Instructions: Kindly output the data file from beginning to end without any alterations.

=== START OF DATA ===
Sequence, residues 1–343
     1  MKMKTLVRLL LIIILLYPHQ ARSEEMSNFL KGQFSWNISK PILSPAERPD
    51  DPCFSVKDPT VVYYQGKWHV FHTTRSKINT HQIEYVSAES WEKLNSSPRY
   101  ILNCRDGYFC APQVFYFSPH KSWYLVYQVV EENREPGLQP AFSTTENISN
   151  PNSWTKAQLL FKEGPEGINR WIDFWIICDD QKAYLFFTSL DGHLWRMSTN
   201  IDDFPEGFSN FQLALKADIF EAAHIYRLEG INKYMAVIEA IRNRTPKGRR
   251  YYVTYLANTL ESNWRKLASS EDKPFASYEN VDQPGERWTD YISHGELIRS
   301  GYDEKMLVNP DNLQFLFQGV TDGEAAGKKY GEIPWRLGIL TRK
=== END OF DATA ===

Sequence, residues 1–343
     1  MKMKTLVRLL LIIILLYPHQ ARSEEMSNFL KGQFSWNISK PILSPAERPD
    51  DPCFSVKDPT VVYYQGKWHV FHTTRSKINT HQIEYVSAES WEKLNSSPRY
   101  ILNCRDGYFC APQVFYFSPH KSWYLVYQVV EENREPGLQP AFSTTENISN
   151  PNSWTKAQLL FKEGPEGINR WIDFWIICDD QKAYLFFTSL DGHLWRMSTN
   201  IDDFPEGFSN FQLALKADIF EAAHIYRLEG INKYMAVIEA IRNRTPKGRR
   251  YYVTYLANTL ESNWRKLASS EDKPFASYEN VDQPGERWTD YISHGELIRS
   301  GYDEKMLVNP DNLQFLFQGV TDGEAAGKKY GEIPWRLGIL TRK